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*** This review may contain spoilers ***
Much like similar teen girl action movie series this one kills itself
early on by introducing so many holes that the house of cards that they
then try to build has no foundation.
Before the credits are even over the story makes less than no sense. Having destroyed civilisation in a world war (ok) Chicago survives. The survivors had enough materials to build a massive wall around the city, 300ft high, but can barely feed themselves. Now they have split into 5 factions (actually 6 because they throw a lot of people out and call them 'factionless') and this somehow magically creates peace.
So none of that makes sense, and much like Hunger Games, having built a nonsensical premise we now follow a teenage girl as she turns into a super-soldier capable of jumping of buildings fighting off trained armies single-handed (using a cheap looking paint-ball gun). All the while with her buff and perfectly capable new boyfriend doing as little as possible to help her.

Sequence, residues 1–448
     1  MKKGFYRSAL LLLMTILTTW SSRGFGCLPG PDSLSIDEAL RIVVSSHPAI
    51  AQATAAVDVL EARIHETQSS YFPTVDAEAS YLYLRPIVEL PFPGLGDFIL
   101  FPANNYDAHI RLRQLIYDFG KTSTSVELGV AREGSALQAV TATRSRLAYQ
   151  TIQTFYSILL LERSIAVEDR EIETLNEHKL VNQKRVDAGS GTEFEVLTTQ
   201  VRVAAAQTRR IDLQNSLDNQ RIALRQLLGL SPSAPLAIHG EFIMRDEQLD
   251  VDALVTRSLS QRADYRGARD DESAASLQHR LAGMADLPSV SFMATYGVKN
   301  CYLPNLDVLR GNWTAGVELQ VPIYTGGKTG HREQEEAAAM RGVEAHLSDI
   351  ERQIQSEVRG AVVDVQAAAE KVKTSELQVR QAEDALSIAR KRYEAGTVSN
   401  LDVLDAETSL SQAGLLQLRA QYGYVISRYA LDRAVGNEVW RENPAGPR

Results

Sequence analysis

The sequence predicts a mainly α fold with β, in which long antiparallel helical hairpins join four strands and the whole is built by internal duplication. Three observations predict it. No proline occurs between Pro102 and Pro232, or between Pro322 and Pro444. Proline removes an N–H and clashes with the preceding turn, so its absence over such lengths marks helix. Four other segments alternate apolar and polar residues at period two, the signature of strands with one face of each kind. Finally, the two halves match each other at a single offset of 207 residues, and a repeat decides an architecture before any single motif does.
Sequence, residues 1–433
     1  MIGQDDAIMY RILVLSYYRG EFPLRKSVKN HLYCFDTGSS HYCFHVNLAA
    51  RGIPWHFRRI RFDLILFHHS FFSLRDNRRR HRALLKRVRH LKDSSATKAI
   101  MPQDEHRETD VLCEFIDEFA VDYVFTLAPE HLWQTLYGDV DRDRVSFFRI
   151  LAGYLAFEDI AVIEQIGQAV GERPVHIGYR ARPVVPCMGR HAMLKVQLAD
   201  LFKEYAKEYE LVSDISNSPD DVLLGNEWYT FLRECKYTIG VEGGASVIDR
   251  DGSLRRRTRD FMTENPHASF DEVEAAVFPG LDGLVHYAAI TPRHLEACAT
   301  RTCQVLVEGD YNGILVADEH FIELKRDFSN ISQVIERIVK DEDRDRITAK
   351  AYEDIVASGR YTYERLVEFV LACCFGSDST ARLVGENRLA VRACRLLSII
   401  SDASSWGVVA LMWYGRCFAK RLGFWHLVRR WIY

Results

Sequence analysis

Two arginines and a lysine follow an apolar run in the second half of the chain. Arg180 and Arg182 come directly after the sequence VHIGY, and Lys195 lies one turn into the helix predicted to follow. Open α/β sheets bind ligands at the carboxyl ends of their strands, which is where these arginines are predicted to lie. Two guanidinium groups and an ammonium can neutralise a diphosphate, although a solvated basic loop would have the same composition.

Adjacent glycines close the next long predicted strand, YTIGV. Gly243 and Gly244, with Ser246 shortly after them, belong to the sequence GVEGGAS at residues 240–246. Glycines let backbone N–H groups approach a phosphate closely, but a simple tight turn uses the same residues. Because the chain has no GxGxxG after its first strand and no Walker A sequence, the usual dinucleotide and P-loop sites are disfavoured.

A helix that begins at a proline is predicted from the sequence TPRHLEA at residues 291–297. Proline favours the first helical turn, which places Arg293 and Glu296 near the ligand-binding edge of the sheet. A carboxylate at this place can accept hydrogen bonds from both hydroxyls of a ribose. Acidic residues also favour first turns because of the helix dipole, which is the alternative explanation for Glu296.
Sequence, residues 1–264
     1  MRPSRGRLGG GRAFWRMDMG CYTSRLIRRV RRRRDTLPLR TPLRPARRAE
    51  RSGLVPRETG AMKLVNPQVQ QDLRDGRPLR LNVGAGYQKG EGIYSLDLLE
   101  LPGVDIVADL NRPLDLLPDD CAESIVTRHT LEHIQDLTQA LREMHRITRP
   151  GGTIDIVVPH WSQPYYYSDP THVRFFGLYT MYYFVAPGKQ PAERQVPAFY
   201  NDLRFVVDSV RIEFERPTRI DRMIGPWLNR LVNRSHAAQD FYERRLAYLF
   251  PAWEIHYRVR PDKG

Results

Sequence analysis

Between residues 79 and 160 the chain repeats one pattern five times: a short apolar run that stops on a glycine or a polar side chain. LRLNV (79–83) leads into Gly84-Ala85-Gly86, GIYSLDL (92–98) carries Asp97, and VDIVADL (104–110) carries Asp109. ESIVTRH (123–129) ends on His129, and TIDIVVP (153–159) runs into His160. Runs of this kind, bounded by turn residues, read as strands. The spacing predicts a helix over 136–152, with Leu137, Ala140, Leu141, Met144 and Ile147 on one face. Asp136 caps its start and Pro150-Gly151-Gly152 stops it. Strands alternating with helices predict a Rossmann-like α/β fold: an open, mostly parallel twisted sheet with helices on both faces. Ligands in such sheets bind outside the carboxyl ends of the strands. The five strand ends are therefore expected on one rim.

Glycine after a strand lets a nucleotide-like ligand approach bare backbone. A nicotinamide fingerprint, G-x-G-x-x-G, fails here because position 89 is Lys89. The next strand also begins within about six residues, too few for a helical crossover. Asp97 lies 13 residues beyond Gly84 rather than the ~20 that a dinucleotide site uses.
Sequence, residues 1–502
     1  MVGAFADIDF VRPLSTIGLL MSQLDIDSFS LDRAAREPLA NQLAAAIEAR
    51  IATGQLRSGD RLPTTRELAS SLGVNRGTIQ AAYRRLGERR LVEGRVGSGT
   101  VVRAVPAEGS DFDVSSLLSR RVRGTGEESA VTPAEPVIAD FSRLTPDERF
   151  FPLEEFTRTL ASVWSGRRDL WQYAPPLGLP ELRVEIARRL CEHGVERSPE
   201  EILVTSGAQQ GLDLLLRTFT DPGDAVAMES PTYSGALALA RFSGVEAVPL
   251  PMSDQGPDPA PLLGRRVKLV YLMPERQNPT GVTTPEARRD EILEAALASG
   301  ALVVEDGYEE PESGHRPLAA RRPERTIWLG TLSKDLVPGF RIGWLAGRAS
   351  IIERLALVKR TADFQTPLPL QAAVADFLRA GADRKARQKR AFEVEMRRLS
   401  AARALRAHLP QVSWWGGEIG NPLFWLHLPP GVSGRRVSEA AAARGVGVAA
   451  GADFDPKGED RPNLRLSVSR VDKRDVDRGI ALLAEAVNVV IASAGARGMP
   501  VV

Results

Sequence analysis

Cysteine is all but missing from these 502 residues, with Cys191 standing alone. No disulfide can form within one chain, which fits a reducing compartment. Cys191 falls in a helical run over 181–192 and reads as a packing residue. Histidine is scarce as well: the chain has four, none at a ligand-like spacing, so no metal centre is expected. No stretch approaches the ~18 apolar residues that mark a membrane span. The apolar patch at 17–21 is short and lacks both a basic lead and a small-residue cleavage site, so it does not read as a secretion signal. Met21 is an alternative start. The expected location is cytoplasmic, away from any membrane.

Oh and I forgot a quick detour while we ride a pointless zip wire through some buildings for absolutely no reason than to try and spend some of the left over special effects budget.
And occasionally Kate Winslet pops up, but is shot from funny angles all the time while they try to make her baby look less visible. Not that they need to as her bad blonde hair is distracting enough.
All in a total waste of 2 hours. Just go and watch Twilight or Hunger Games for the same movie done slightly (but not a lot) better.